Belonging to the majority group gives you rank.
We have all heard the statistics concerning US prisons and the institutional racism that is endemic in many countries. A white person would statistically expect a shorter jail sentence. True and tragically unfair. However, when I walk into a comedor (cheap restaurant in Latin America) with my Mayan friend David, he is the person that is first addressed by the waiter. He has more rank in Guatemala where around 60% of people are indigenous. I have less rank, I’m just a gringo here.
Rank modulates self-esteem.
Needless to say, we take on board the messages given to us by our culture and internalise them. If we belong to a minority, we are then marginalised. We become withdrawn and left out. At the top of the social ranking system we would usually find a white, middle class and educated heterosexual male. For instance, many LGBT folks struggle with self-esteem and may feel excluded in society.
Awareness of rank reduced struggles in relationships and communities.
Let’s come back to the example of the smart kid. Some of these kids were kind and used their rank wisely. They gently explained what they knew to others without putting them down and making out that they knew it all. This approach values everyone and invites belonging, which are vital when creating a community. Imagine a relationship where one of the couple is very independent and does not need much support (more rank). The other one needs reassurance and is more dependent (less rank). When the independent one becomes aware of their rank, harmony, connection and understanding will ensue.
Rank is a double signal.
Double signals are moments of communication when things don’t add up. For instance, a client might say to me in a session “I feel so stupid” and smile at the same time. It may be that she is showing a sign of resignation to her fate… or maybe she has to welcome her true abilities, which will bring her joy. Another example of a double signal is killing a difficult colleague with kindness. You may have some rank by the virtue of being calm, collected and in control. The colleague may be disorganised, inefficient and struggle with low self-esteem. Imagine they’re looking for some documents. You happen to find them and you pass them on to them with a quiet smirk of superiority. On the surface you’re kind, but your smile is a double signal that indicates the unconscious need to dominate. That’s why we have to be aware of the rank we have, so that we can act wisely. In this case, perhaps you would like to lead and your task is to do it shrewdly… by strengthening those around you!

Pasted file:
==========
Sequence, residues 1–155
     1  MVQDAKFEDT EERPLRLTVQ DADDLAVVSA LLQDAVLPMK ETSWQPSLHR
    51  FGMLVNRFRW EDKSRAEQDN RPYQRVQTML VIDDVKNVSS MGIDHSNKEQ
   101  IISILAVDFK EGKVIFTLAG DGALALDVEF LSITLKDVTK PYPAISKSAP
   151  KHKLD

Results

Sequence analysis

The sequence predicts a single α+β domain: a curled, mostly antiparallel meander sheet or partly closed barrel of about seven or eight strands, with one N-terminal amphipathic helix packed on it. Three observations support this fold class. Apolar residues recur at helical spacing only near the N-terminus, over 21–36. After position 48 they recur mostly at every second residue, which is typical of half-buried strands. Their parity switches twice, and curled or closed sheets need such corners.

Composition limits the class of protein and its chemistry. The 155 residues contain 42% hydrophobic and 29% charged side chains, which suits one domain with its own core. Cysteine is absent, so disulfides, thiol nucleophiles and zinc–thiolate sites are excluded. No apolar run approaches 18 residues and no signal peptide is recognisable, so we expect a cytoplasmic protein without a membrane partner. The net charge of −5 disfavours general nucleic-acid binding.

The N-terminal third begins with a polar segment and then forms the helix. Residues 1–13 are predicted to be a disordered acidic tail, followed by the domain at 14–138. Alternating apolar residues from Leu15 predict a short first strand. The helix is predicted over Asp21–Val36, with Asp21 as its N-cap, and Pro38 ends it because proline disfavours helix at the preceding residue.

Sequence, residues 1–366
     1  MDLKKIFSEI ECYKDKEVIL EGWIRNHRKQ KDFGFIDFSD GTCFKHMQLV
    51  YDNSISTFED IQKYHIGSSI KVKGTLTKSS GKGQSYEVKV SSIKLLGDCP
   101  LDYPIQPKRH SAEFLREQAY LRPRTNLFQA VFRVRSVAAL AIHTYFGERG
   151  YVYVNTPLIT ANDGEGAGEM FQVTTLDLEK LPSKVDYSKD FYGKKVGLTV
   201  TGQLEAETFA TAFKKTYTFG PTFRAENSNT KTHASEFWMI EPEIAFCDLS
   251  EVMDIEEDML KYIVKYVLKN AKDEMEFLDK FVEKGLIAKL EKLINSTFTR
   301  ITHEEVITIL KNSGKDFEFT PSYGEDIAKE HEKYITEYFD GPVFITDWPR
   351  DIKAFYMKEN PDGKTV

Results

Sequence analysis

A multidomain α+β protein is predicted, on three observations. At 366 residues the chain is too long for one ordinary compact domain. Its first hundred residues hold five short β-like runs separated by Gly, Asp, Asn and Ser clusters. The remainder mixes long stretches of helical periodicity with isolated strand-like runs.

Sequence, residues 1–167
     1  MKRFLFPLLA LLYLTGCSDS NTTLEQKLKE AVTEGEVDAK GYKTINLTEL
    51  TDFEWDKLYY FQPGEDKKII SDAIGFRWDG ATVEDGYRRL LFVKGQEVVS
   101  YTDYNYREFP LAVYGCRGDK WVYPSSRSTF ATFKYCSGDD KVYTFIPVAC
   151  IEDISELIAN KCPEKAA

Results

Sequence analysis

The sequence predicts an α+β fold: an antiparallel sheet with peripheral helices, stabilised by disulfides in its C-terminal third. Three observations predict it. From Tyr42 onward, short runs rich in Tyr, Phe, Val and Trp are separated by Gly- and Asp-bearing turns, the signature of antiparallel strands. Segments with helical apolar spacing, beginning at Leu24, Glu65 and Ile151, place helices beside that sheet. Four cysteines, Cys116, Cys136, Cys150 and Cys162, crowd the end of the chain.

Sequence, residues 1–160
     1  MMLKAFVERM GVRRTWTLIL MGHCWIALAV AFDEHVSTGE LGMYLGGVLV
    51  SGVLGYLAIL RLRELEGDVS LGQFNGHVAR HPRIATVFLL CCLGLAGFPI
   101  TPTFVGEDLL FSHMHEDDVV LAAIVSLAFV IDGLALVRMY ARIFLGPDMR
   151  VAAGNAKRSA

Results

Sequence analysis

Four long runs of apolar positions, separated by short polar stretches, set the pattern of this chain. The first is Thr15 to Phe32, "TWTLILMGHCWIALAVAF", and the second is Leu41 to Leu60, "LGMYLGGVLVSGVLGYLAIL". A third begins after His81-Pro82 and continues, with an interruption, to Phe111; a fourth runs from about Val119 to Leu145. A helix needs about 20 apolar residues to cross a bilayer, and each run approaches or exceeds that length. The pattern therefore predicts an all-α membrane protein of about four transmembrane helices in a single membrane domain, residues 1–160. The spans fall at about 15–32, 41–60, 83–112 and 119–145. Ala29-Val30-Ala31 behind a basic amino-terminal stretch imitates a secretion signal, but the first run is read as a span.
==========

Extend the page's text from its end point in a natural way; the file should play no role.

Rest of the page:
Let’s put it altogether now. While I of course disagree with the notion that some social and ethnic groups should be favoured over others, this is how society unconsciously classifies us. Have a look and consider your rank based on your traits. The aim is to become aware of the factors that create a power imbalance resulting from rank differences. Hopefully, the more everyone is conscious of these, the weaker their grip over us.
Mindell gives us some tips how to deal with rank differences:
“Most of us are aware only of the rank or power we do not have.”
“Unconscious use of rank shows in a tendency to marginalise the problems of others.”
“If you use rank consciously, it’s a medicine.”
I am struggling as I write the ending. It shows me that rank is a powerful concept that does not lose its grip easily. We are educated into perceiving a particular version of reality. It takes a conscious effort to act against the forces of society. My blog post is a small drop in a whole ocean of influences that I have no control over. However, I can choose to be aware of the privileges I have, so that I see humanity in every person I meet.